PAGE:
Officials relaxed rules for Wednesday’s final, which Lokomotiv won 5-3 on penalties, by increasing the number of fans allowed into the stadium from 4,000 to 12,000.
CNN has contacted the Bulgarian FA, CSKA Sofia and Lokomotiv Plovdiv for comment but did not immediately receive a response.
The match ended 0-0 after extra-time, but a 100% conversion rate from the penalty spot saw Lokomotiv retain the Cup and secure a place in the qualifying rounds of the Europa League.
CSKA head coach Milos Kruscic stood down after the game.
Wednesday’s final raises further questions about hosting football matches with fans in attendance.
Bulgaria’s Sports Minister Krasen Kralev reportedly said that violations during Wednesday game could lead to “more drastic measures” being implemented.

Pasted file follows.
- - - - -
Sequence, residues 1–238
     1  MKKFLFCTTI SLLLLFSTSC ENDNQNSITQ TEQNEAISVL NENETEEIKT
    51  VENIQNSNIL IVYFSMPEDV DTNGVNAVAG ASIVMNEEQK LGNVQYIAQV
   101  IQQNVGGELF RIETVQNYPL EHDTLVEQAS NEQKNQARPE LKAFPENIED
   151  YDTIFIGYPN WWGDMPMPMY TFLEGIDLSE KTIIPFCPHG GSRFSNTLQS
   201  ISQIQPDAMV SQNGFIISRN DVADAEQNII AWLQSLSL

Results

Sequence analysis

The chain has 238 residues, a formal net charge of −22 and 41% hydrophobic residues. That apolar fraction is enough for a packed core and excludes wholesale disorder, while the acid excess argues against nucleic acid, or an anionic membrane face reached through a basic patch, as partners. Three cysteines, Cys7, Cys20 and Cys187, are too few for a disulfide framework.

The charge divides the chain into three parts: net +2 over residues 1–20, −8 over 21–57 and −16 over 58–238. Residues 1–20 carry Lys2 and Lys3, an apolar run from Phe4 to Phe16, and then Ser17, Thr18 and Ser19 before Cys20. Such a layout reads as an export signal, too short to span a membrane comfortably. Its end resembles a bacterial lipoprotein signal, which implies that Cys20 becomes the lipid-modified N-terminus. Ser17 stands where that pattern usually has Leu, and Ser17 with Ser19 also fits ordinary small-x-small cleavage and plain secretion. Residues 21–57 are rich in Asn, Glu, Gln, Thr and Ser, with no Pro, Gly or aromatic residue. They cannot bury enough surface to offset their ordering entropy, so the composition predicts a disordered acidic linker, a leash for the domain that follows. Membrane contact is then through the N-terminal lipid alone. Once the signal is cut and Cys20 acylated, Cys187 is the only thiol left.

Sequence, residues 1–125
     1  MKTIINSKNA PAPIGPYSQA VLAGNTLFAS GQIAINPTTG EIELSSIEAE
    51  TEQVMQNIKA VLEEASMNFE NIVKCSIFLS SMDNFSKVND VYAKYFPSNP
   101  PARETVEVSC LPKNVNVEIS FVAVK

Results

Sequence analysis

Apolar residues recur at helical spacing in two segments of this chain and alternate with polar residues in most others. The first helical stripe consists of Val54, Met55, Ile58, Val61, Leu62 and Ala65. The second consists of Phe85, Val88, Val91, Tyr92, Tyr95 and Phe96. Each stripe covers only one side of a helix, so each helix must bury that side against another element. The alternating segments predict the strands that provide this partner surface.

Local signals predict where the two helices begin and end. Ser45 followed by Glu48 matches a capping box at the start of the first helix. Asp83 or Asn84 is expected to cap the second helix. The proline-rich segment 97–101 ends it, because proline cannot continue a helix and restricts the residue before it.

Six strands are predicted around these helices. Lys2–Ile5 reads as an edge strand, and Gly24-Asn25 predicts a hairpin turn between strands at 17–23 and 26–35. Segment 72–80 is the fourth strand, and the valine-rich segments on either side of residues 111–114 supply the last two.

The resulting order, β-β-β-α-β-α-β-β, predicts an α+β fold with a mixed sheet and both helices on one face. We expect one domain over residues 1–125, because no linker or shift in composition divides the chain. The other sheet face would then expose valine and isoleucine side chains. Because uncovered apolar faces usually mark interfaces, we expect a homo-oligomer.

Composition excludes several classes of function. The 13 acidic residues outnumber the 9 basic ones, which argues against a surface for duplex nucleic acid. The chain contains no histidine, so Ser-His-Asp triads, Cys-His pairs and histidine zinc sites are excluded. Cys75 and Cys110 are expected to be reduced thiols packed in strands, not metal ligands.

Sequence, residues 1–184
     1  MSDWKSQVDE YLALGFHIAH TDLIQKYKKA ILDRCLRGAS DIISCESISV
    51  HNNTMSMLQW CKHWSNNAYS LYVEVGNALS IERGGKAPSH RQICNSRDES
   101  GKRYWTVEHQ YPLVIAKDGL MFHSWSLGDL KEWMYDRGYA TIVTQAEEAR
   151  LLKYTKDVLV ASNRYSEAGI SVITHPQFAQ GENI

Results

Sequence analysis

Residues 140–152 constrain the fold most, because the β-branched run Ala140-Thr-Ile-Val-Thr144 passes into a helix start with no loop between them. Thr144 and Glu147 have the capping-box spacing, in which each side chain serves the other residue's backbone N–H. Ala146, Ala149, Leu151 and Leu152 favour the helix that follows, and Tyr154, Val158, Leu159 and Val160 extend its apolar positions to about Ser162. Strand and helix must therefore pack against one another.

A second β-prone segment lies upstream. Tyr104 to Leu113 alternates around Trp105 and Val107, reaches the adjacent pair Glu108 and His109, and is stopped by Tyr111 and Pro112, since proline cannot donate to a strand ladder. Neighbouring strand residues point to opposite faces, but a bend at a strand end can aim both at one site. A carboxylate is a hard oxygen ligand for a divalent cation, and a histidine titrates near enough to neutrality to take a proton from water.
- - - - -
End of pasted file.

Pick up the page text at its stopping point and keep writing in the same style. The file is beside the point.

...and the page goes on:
Balkan countries, which have seen less severe outbreaks of the coronavirus compared to other European nations, have opened up sporting events comparatively quickly.
The Adria Tour was widely criticized after a number of top players, including Djokovic, tested positive for coronavirus having played in the competition’s second event in Zadar, Croatia.
Fixtures in the UK, Germany, Italy and Spain have all taken place behind closed doors, while other European countries have allowed some fans back.
In Denmark, for example, a limited number spectators have been permitted into stadiums while observing social distancing.
It resulted in a spike in popularity, with the country’s football federation securing new broadcasting deals in as many as 10 countries.